Servo Motor Code problem

So I am trying to write some code that tells a servo to spin for x amount of time every 24 hours. I am not sure how to do this, do you have any ideas? I am completely new to coding so sorry if this is a dumb question.

@johanwik Installation and Troubleshooting is for Problems with the Arduino itself NOT your project. It says so in the description of the section. Therefore I have moved your post here.

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Generally servos do not spin, they only turn over a limited range normally under 240 degrees. Unless you have a so called "continuous servo", which is not a servo at all but a normal motor.

You need to be a lot more specific about what your project is about before anything meaningful can be discussed.

Few things to say before going into details:

  • Typical servos don't "spin", they wiggle from side to side. So if you really do mean spin, like a wheel, make sure you get what's called a "continuous rotation" servo. (edit... as mentioned by previous poster)

  • Do you need this to happen at a particular time of day, like 5 past 3 every afternoon? If so you will need to get either an RTC (Real time clock) or be online to internet time.

  • If you are just thinking of 24 hours since last time, you could use the internal timer of an Arduino but you will need to look at the accuracy. You'll also need to be aware that the time starts over if Arduino loses power...

Hi, @johanwik

Can you tell us the application?
What do you want your project to accomplish?

Thanks... Tom.. :smiley: :+1: :coffee: :australia:

to answer as unspecific as you:

write a routine that creates the servo-control-signal according to the specs of the datasheet of the servo.

In a regular manner read out the time of a real-time-clock (RTC) and compare actual time with the time to spin the servo.

Does this description help? No not at all.
It is the same situation for us with your vague description
you have to describe your project much more specific

  • what servo ? (RC-servo, "real" servo-motor?
  • is there a requirement how fast the servo should spin?
  • how long in time or in rotations
    in case of an RC-servo what angle? at what speed?

which exact type of microcontroller are you using.
additional information that helps to adapt the answers to your knowledge
how much do you know about electronics?

  • voltage?, current?, resistance?

best regards Stefan

Hi @TomGeorge!
I am building an automatic pet feeder, so I will need my continuous servo to spin an auger-like thing inside of a piece of PVC at 3 o clock daily.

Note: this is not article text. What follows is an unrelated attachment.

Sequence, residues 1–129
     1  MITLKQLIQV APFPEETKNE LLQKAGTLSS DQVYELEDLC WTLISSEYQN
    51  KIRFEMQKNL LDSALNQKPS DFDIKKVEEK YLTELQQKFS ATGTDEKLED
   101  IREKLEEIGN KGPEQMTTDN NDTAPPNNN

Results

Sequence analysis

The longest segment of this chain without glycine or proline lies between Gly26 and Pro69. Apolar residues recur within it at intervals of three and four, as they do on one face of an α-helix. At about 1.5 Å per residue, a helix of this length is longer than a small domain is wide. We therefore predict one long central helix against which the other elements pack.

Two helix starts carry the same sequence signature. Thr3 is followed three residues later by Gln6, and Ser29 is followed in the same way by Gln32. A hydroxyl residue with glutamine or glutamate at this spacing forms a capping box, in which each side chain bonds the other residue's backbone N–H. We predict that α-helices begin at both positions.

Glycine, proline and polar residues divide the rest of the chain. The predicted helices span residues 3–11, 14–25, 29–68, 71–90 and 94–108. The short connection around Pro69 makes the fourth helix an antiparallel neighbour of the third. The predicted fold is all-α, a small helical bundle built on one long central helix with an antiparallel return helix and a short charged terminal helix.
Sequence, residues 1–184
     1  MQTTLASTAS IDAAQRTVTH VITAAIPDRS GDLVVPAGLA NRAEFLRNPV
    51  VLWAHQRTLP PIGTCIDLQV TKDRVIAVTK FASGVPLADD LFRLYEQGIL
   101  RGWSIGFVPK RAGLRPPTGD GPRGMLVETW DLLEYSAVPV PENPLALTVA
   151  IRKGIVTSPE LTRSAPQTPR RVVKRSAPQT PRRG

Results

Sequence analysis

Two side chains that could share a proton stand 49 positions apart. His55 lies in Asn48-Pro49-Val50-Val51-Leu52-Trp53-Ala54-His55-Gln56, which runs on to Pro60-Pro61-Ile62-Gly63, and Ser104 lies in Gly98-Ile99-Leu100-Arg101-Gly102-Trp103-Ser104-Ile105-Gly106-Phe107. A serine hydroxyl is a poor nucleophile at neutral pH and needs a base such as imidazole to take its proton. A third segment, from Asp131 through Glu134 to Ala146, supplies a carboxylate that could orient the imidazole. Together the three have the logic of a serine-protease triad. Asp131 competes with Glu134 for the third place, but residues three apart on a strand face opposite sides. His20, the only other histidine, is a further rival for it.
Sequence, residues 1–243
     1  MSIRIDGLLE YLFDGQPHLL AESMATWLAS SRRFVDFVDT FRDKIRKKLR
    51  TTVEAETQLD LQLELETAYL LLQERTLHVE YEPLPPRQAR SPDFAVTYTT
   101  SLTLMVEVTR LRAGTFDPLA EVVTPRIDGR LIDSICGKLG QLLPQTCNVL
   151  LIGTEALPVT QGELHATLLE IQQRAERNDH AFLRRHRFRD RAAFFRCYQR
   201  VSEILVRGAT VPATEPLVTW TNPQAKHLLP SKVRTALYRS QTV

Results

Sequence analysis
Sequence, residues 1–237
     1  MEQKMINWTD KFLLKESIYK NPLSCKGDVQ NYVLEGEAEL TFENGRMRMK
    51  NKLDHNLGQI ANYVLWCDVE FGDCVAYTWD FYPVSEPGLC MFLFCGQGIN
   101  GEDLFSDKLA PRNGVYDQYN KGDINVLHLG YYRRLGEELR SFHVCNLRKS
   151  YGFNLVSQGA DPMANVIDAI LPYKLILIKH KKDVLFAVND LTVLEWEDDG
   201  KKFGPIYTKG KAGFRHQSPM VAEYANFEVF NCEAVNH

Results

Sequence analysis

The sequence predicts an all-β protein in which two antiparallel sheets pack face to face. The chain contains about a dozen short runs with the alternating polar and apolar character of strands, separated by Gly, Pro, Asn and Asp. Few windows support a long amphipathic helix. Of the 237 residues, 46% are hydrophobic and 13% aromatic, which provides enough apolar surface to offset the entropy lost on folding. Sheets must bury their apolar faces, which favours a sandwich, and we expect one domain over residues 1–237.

Hi, sorry for the unspecified variables.

I have a continuous servo and there are no requirements about how fast it should spin. I would like it to spin for 10 seconds.

Right now, I am only using a servo and an Arduino Uno and I know a bit about electronics, but not much about coding. I am using 3.3 volts, but i do not know how to measure resistance or current on an arduino.

How fast for how long?

Full speed for 10 seconds

Here is a crude way to do it. Turn it on at 3 PM and it will feed around 3 PM each day. The clock will probably drift a few minutes a day but it should be OK for a while. You can compensate for most of the drift. For example, if the feedings are averaging 3 minutes and 18 seconds earlier each day, add 3 minutes and 18 seconds to the timer interval.

if (currentMillis - lastMillis >= 24 * HOURS + (3 * MINUTES + 18 * SECONDS))

#include <Servo.h>

const unsigned long SECONDS = 1000;
const unsigned long MINUTES = 60 * SECONDS;
const unsigned long HOURS = 60 * MINUTES;

Servo AugerServo;
const byte AugerServoPin = 4;
const int StopAngle = 90;

unsigned long lastMillis = 0;

void Feed()
  AugerServo.write(180); // Full forward  (use 0 for the other direction)
  delay(10 * SECONDS);

void setup()
  Feed();  // Feed once on power up

void loop()
  unsigned long currentMillis = millis();

  // Feed every 24 hours after power up
  if (currentMillis - lastMillis >= 24 * HOURS)
    lastMillis += 24 * HOURS;

Thanks so much, I just got it working! :grinning_face_with_smiling_eyes:

If the servosize is bigger than 4 gram (9gram, 12gram 20 gram etc.) The servo needs its own powersupply. An Arduino can not deliver enough current for a bigger servo under load.

If you can afford to buy a Wemos D1 Mini (ESP8266) or a nodeMCU-board (ESP8266).

These little boards can be programmed with the arduino-IDE just the same way as an arduino-Uno with after installing some additional files.
This means these boards can do the job of the complete arduino.

These boards have WLAN onboard and you can connect them to your home-WLAN.
This gives you always actual time.

If you can afford a little more money an ESP32-board

the ESP32 has WLAN and bluetooth.

best regards Stefan